Samuel S. Brown
|Samuel S. Brown|
|Born||December 15, 1842
|Died||December 11, 1905
|Residence||Squirrel Hill (Pittsburgh)|
|Occupation||Coal magnate, Racehorse owner/breeder|
Board member of
|National Bank of Commerce (Pittsburgh, Pa.), First Nation Bank (Dawson, Pa.), Ohio Railway Company|
|Spouse(s)||Lizzie P. Pollock|
|Children||W. Harry Brown|
|Parents||William Henry Brown|
Captain Samuel Smith Brown (December 15, 1842 - December 11, 1905) was an American businessman and a prominent Thoroughbred racehorse owner/breeder and racetrack owner.
A native of Pittsburgh, Pennsylvania, Samuel Brown was a student at Washington & Jefferson College when he left to serve with the Union Army during the American Civil War. On February 22, 1861, Brown and Rhodes Stansbury Sutton founded the Delta Tau Delta fraternity chapter at Washington & Jefferson College, playing an instrumental role in saving the fraternity from extinction when the first Bethany College chapter closed on the eve of the Civil War. Brown and Sutton's famous winter ride from Jefferson College at Canonsburg to Bethany, West Virginia is still honored in fraternity history, and the result of their choice to join the fraternity lives on, as W&J hosts the oldest Delta Tau Delta chapter in continuous existence. From a wealthy family, he inherited coal mining operations founded by his father. He would grow and expand the business, operating six coal mines supported by a fleet of barges and a controlling interest in a railroad for shipping the coal. In addition, Brown owned several hotels in various cities around the United States.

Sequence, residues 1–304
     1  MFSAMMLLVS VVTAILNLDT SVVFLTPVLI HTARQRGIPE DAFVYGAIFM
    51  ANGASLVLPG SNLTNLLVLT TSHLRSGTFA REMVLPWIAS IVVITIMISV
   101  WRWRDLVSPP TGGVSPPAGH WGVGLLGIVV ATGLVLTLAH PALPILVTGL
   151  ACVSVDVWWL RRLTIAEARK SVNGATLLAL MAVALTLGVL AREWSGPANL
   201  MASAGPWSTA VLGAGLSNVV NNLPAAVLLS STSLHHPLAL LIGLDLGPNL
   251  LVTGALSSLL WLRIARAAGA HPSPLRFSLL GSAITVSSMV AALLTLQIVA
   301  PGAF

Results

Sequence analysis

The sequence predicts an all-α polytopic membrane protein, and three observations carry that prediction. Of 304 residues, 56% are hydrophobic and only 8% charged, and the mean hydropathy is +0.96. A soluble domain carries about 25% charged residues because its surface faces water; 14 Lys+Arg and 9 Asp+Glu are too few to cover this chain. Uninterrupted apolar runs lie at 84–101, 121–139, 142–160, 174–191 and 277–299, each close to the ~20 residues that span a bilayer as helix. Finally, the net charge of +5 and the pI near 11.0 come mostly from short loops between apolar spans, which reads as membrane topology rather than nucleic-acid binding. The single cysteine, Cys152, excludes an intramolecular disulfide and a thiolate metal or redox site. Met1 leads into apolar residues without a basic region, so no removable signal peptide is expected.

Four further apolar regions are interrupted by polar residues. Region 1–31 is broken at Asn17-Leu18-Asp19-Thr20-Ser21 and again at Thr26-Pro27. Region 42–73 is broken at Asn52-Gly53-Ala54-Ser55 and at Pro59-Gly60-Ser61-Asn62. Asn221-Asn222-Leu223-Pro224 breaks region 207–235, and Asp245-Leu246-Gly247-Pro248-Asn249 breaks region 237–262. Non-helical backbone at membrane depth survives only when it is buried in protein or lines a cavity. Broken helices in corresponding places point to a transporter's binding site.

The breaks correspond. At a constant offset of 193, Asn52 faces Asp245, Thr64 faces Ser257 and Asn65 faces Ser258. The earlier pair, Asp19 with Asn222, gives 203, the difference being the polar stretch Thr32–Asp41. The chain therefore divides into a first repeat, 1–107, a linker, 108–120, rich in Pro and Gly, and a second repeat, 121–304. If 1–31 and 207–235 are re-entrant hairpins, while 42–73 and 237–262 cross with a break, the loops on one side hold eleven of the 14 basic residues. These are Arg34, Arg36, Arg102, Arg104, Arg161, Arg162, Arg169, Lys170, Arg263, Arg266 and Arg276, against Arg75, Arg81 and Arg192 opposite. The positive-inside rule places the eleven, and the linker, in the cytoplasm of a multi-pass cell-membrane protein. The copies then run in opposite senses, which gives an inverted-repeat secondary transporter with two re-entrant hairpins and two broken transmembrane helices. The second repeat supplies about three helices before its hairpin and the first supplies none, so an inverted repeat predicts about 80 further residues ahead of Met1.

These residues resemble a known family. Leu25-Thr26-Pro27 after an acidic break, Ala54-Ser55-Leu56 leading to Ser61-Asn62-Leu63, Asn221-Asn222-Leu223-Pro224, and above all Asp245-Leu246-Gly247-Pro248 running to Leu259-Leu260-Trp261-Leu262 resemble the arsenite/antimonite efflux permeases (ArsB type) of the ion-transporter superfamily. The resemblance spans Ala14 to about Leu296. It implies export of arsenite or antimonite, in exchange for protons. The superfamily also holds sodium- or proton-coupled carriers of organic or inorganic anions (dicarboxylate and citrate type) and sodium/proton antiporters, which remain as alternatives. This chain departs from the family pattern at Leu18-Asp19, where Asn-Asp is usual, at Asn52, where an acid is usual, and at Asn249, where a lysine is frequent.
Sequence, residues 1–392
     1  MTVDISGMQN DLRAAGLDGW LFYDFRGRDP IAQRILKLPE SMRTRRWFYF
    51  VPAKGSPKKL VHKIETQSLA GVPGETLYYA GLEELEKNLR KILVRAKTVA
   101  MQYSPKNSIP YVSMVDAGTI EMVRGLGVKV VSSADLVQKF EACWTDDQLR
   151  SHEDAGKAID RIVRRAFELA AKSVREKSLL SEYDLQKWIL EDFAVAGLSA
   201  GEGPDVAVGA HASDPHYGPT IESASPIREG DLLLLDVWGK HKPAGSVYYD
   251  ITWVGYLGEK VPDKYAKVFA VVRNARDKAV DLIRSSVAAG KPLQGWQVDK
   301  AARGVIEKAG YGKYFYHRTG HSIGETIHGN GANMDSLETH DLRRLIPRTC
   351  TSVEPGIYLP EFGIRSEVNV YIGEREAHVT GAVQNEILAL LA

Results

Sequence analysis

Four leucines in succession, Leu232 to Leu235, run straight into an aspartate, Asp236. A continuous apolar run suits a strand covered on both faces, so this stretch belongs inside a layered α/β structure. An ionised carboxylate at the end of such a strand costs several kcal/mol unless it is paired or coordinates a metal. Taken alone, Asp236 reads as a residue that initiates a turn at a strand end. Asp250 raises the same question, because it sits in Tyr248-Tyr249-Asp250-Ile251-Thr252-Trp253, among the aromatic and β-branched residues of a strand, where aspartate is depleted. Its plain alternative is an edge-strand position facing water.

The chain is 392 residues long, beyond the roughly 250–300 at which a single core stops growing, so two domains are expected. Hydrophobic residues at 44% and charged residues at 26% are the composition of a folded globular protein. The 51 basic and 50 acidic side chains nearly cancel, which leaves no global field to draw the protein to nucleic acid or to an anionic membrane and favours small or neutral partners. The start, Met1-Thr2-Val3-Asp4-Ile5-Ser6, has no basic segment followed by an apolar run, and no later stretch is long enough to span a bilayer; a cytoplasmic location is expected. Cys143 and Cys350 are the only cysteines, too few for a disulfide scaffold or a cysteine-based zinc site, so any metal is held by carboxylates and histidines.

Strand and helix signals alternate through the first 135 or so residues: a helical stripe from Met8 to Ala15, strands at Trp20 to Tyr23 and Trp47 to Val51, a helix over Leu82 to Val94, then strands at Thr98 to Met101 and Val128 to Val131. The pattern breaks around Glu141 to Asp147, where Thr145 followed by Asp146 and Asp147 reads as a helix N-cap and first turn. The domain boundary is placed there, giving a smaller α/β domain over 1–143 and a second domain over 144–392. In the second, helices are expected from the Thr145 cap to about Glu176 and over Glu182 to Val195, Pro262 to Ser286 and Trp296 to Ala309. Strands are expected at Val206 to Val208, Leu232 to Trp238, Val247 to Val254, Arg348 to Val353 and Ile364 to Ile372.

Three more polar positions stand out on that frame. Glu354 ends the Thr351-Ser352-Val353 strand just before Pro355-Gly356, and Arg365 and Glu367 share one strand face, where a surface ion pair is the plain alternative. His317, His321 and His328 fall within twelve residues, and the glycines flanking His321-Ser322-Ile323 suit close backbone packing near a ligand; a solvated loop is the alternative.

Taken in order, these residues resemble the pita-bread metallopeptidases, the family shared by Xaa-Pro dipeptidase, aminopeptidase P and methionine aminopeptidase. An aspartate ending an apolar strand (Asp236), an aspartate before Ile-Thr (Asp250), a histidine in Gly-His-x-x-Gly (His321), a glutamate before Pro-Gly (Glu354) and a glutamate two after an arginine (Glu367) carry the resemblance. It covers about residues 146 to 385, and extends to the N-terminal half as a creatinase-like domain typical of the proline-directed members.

Samuel Brown owned Senorita Stock Farm near Lexington, Kentucky. Named for his favorite mare, the breeding farm's land is today occupied by the Kentucky Horse Park. He also invested in the Kentucky Association horse racetrack in Lexington,  and the Bascombe Race Course in Mobile, Alabama which he used as a training base for his stable of Thoroughbred runners. Samuel Brown was one of the founding executives of the Brooklyn Jockey Club which, in 1886, built the Gravesend Race Track in New York. 
For a number of years Brown's racehorses were trained by future Hall of Fame inductee John Rogers with whom he also raced horses in a partnership. Peter Wimmer succeeded Rogers as Samuel Brown's trainer and at the Brighton Beach Race Course on Coney Island, New York, jockey George Odom won the 1902 Brighton Derby with Brown's colt, Hyphen.  On October 3, 1903 Peter Wimmer was succeeded by Robert Tucker who won the 1905 Kentucky and Tennessee Derbys.  Other important horses owned by Samuel Brown included:
- Buchanan (b. 1881) - won the 1884 Kentucky Derby
- Lamplighter (b. 1889) - raced at age two then sold for $30,000 to Pierre Lorillard IV
- Troubadour (b. 1882) - 1886 and 1887 retrospective American Champion Older Male Horse
- Broomstick (b. 1901) - Hall of Fame inductee, winner of the Travers Stakes who was the Leading sire in North America three times and twice the Leading broodmare sire in North America.
- Agile (b. 1902) - wins include the 1905 Kentucky Derby and Tennessee Derby
Capt. Samuel Brown died on December 11, 1905 and his son, W. Harry Brown, continued on with the horse breeding business until November 23, 1908 when he sold the bloodstock through a Fasig-Tipton auction. Senorita Farm is the site of the present day Kentucky Horse Park.